A new quantum cryptography-based Bitcoin standard has been proposed that could harden the popular cryptocurrency against the advent of full-fledged quantum computers. Bitcoin as it now exists involves traditional public key cryptography and thus could conceivably be hacked by a future quantum computer strong enough to break it. However, quantum cryptography, which is based not on difficult math problems but the fundamental laws of physics, is expected to be strong enough to withstand even quantum computer-powered attacks.
The proposal, dubbed “qBitcoin,” posits transmission of quantum cryptographic keys between a remitter and a receiver of the eponomous named cryptocurrency, qBitcoin. The system would use provably secure protocols such as the BB84 quantum key distribution scheme.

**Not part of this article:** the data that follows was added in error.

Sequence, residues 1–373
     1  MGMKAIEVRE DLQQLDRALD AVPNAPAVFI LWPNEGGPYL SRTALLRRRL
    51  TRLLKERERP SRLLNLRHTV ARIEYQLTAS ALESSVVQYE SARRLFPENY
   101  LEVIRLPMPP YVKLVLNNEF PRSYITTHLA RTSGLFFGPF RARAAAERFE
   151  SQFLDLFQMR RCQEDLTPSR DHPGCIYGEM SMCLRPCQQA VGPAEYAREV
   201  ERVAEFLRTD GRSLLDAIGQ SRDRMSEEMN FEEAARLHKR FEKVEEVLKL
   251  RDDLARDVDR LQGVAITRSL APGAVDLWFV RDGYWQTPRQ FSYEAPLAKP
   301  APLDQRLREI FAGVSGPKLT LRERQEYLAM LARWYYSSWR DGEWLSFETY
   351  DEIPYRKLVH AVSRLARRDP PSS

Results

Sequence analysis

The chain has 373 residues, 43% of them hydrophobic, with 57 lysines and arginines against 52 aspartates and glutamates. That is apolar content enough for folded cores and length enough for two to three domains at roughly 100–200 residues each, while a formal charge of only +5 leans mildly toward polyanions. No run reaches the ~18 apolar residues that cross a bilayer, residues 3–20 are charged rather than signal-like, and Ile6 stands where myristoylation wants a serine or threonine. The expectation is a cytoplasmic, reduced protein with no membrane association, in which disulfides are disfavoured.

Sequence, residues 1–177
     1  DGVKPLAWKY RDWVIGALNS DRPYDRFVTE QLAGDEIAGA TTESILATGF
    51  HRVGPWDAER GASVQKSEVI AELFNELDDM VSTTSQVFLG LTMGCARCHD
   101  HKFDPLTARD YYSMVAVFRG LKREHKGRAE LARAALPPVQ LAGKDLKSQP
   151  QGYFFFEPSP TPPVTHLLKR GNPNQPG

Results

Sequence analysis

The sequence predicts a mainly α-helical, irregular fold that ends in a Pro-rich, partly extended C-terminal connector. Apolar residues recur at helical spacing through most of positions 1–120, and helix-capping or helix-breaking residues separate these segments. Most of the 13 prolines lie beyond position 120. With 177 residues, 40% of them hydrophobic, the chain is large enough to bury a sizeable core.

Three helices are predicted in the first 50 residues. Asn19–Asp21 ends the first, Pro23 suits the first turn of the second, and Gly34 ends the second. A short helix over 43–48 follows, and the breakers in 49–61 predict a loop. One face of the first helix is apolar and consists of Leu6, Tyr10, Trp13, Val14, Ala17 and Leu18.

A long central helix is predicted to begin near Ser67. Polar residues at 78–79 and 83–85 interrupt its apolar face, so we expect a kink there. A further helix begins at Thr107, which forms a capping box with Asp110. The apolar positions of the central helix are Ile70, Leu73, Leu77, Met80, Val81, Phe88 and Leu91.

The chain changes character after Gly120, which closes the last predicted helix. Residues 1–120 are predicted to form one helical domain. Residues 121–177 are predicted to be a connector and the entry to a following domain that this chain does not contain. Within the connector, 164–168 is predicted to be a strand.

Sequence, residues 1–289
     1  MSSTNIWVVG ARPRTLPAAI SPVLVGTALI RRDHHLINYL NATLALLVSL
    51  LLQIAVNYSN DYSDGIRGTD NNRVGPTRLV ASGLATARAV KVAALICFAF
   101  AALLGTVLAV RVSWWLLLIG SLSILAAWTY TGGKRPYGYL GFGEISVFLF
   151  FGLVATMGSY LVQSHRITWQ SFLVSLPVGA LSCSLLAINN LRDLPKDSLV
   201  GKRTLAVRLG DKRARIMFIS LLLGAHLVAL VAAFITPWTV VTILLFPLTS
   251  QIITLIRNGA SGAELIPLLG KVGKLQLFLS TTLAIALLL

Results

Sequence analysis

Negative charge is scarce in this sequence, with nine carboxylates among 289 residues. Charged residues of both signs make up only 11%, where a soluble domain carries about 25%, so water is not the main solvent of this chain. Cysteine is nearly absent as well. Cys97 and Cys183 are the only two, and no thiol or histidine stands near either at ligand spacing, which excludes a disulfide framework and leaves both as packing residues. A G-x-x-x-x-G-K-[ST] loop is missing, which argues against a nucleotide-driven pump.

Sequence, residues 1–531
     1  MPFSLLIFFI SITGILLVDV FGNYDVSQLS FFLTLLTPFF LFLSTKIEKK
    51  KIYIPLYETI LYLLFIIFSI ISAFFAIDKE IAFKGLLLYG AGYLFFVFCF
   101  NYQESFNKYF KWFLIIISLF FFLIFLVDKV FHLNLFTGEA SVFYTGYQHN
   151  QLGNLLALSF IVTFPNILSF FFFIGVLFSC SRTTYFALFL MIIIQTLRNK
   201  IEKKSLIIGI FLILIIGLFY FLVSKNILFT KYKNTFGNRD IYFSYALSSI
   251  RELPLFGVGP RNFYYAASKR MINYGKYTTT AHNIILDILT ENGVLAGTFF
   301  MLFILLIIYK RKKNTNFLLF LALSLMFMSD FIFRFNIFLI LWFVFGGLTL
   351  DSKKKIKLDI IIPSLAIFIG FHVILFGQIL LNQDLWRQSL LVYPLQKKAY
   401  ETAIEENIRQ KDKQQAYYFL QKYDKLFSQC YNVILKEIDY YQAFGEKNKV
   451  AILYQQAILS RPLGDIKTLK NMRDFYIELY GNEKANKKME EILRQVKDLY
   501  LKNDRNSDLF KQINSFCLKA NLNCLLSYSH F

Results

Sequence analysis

To exchange qBitcoin, then, requires that there be a transmission network in place that can send and receive bits of quantum information, qubits. And that is no mean feat, considering it typically involves preserving the polarization states of individual photons across thousands of kilometers. To date, there are five known quantum key distribution networks in the United States, Switzerland, Austria, and Japan. China is working on their own massive 2000-km link, as well. And a number of satellite-to-satellite and satellite-to-ground quantum key distribution networks are also being developed and prototyped.